Walden, or Life in the Woods

Walden, or Life in the Woods, by Henry D. Thoreau.  Ticknor and Fields, 1854.

In observance of the sesquicentennial of Thoreau’s death, I read Walden for the third time.  I won’t be sharing this on Facebook, out of respect for the author.  This is a fellow who, long before there were telephones or even typewriters, calls his own time period “this restless, nervous, bustling, trivial Nineteenth Century” and questions the need to build a railroad. What would he make of social media? “It is the luxurious and dissipated who set the fashions which the herd so diligently follow.”

Of course there is no end of quotable lines from him skewering mainstream society, but his basic ideas are still as rock solid as they were in 1854: 1) simplifying one’s life brings more satisfaction than acquiring fame and fortune, and–especially important–allows one to work less and have more leisure time to pursue one’s talents and interests, 2) spending time in nature is critically important to sane living, and 3) understanding oneself is more important than trying to keep up with the outside world. Returning to the book now that I am older, I do not have to believe him; I know these principles are true. Continue reading “Walden, or Life in the Woods”

Midnight Rising

Midnight Rising: John Brown and the Raid that Sparked the Civil War, by Tony Horwitz.  Henry Holt & Co., 2011.

Having grown up in eastern Kansas, I’ve been fascinated by John Brown ever since I saw, as a school child, the stunning mural of him in the Kansas State Capitol building. (The painting is “Tragic Prelude” by Kansas artist John Steuart Curry.) When I learned that Horwitz, one of my favorite historians, had taken up Brown’s story, I knew I had to read it, and what better time than on the anniversary of the Harpers Ferry raid Oct. 16? Horwitz presents thorough and impeccable research, gives his readers the necessary background, and then relates events simply and clearly. Continue reading “Midnight Rising”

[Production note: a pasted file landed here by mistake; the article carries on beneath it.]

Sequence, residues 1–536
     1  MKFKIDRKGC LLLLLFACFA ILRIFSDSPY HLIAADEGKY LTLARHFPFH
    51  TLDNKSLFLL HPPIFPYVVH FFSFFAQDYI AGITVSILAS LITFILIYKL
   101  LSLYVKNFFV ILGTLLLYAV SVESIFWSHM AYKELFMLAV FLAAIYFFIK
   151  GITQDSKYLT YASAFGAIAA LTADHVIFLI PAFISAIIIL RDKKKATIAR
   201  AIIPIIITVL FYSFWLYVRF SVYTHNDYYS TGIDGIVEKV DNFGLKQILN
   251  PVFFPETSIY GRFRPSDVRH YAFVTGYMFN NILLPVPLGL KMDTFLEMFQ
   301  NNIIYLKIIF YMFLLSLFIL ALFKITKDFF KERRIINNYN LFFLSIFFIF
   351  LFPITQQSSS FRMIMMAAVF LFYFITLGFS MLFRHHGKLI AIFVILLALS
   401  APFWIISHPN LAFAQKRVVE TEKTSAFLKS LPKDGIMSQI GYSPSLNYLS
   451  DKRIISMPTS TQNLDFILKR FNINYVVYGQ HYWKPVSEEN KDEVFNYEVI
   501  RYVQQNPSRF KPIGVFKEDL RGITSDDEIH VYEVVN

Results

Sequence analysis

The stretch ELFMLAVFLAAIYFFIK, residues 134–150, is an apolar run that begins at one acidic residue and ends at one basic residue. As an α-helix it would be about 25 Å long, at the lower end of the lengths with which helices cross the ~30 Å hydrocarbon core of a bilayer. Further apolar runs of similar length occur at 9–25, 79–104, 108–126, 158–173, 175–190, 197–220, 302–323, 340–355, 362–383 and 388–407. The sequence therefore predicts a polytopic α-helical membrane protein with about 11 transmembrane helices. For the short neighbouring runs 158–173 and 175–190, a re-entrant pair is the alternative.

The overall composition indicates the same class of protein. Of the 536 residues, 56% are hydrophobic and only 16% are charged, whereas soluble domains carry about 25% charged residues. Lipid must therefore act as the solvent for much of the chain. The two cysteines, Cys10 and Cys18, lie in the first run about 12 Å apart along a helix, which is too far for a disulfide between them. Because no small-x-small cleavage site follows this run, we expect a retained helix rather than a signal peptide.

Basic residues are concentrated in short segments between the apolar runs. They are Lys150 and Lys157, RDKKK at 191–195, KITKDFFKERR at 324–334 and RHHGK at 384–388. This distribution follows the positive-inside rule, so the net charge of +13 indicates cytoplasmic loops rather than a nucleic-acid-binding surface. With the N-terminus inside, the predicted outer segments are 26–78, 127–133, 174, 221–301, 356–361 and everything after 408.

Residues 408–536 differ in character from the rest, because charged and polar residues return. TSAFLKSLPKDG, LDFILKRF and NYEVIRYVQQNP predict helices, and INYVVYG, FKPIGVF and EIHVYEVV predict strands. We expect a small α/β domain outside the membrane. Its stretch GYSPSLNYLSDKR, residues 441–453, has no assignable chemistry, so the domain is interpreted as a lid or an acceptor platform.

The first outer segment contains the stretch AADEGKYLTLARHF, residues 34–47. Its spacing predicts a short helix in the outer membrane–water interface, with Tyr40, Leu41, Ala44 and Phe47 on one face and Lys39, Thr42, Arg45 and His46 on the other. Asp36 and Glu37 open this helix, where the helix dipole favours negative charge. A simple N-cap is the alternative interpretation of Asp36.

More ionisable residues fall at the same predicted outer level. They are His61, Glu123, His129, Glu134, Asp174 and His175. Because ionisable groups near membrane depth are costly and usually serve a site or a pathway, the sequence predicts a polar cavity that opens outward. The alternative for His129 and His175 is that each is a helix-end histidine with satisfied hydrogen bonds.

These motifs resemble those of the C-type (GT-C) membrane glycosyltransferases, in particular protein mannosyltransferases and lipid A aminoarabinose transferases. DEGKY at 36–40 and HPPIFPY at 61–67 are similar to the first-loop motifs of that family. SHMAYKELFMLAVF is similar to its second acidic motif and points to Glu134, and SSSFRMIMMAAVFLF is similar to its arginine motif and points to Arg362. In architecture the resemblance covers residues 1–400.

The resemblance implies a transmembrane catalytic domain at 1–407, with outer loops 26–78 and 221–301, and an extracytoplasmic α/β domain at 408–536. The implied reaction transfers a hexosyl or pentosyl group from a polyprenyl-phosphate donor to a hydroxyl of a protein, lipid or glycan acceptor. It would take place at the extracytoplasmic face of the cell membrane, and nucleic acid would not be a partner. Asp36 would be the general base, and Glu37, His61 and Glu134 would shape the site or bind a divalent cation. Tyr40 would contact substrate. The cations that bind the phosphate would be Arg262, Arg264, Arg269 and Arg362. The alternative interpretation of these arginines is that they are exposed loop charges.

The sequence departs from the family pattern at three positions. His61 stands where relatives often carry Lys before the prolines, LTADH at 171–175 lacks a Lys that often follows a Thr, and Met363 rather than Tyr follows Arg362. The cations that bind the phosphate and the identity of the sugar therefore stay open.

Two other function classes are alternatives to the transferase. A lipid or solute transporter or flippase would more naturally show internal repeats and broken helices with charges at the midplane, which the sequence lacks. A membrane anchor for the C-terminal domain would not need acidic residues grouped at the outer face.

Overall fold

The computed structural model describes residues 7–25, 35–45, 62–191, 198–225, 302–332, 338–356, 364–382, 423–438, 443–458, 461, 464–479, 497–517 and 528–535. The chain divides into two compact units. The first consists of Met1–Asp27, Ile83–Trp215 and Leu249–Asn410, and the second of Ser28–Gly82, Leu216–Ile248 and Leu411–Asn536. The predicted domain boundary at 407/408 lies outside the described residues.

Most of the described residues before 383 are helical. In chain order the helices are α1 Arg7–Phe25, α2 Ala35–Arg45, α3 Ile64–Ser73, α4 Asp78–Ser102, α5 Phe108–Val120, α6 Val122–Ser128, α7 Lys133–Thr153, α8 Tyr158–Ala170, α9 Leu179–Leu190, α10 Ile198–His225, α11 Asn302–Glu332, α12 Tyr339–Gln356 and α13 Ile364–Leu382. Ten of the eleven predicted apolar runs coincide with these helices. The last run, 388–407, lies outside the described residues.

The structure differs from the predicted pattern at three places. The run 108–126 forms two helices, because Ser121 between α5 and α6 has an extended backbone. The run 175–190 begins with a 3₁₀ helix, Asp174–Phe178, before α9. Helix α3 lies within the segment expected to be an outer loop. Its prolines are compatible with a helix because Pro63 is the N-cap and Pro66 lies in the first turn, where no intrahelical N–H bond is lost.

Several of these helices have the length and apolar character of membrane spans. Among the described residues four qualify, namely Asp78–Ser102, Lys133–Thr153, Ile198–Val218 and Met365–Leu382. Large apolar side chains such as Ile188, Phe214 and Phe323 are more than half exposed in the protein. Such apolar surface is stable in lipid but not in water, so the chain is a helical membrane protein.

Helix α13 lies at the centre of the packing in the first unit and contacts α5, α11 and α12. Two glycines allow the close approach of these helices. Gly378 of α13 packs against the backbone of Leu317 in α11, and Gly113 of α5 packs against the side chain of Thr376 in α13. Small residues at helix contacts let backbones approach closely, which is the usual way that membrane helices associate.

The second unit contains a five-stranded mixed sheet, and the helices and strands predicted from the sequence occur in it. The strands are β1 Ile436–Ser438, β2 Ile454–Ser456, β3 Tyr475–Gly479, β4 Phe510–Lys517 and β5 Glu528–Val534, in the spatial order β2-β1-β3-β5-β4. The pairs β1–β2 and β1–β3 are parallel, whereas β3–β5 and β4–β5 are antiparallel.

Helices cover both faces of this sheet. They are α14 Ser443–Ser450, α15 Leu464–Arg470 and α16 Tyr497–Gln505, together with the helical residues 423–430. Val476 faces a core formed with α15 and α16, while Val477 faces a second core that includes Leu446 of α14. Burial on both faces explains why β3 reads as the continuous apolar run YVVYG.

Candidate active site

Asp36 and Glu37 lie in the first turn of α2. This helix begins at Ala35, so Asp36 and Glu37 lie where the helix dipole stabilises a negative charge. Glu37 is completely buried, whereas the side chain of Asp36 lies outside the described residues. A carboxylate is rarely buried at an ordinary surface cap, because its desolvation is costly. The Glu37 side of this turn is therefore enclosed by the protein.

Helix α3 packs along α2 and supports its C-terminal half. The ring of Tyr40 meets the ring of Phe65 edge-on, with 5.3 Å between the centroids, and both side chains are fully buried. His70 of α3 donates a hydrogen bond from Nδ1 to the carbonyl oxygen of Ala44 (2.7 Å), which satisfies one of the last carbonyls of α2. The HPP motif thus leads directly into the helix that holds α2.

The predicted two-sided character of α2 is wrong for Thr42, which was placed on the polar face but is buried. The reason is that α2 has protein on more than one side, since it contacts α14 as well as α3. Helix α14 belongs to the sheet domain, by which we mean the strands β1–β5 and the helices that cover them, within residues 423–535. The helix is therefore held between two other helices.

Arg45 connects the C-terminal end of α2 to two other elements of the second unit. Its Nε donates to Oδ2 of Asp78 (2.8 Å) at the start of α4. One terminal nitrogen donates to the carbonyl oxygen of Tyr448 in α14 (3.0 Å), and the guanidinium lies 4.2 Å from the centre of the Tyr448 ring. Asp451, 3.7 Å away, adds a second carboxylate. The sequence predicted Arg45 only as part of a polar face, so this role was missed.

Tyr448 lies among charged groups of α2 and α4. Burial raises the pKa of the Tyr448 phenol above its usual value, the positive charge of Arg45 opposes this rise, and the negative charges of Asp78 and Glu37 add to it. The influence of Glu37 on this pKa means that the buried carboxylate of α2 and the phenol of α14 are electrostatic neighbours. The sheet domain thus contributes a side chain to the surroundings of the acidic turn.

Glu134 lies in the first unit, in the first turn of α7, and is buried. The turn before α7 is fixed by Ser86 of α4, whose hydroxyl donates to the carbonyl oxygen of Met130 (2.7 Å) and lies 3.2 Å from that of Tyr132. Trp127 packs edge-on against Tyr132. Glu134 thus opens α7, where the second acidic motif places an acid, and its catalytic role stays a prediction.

A Mighty Long Way

A Mighty Long Way: My Journey to Justice at Little Rock Central High School, by Carlotta Walls LaNier and Lisa Frazier Page.   One World/Ballantine, 2009.

Those who try to carry the human race forward to greater fairness and inclusiveness must sometimes pay a high price.  Not many teens would have been able to withstand the taunts and overt hostility of their classmates to the degree that Carlotta Walls faced when she was among the first African-American students to integrate a previously all-white Southern high school in the 1950’s. Furthermore, her account reveals that the time of continual insults, danger, and deliberately inflicted pain wasn’t just a short-term hurdle to get over, but lasted throughout her high school years. Ultimately segregationist resistance came to pose mortal danger not only to herself and the other African-American students, but to their families and friends. Much of the fear and anger was internalized and buried, only to resurface much later to be processed and healed. Carlotta’s determination to continue at the school all the way to graduation required remarkable courage, and to read the story as only she can tell it is unforgettable.


EcoMind: Changing the Way We Think, to Create the World We Want, by Frances Moore Lappe. Nation Books, 2011.

Scientists are telling us a lot of depressing news these days about climate change, species extinction, overpopulation, and dwindling resources. In addition, we have unrestrained corporate power, vast wealth disparity, and workers in crisis. It can seem hard to stay hopeful and engaged–until, that is, you encounter Lappe’, who has taken on the role of cheerleader to show us positive efforts currently underway. Continue reading “EcoMind”

Beyond Religion

Beyond Religion: Ethics for a Whole World, by His Holiness the Dalai Lama XIV. Houghton Mifflin Harcourt, 2011.

I agree with the Dalai Lama that only if the world’s people succeed in finding common ground Beyond Religion is there a chance of working together for any kind of a sane future. I wondered what he was going to suggest, and found myself reading with interest. He describes compassion–the foundation of secular ethics–in detail, what it is and isn’t (e.g. it isn’t meekness). He shows why the practice of compassion and restraint is necessary for a sustainable environment, stable governments, as well as personal well-being, and why such efforts must be undertaken outside of religion to succeed globally. Continue reading “Beyond Religion”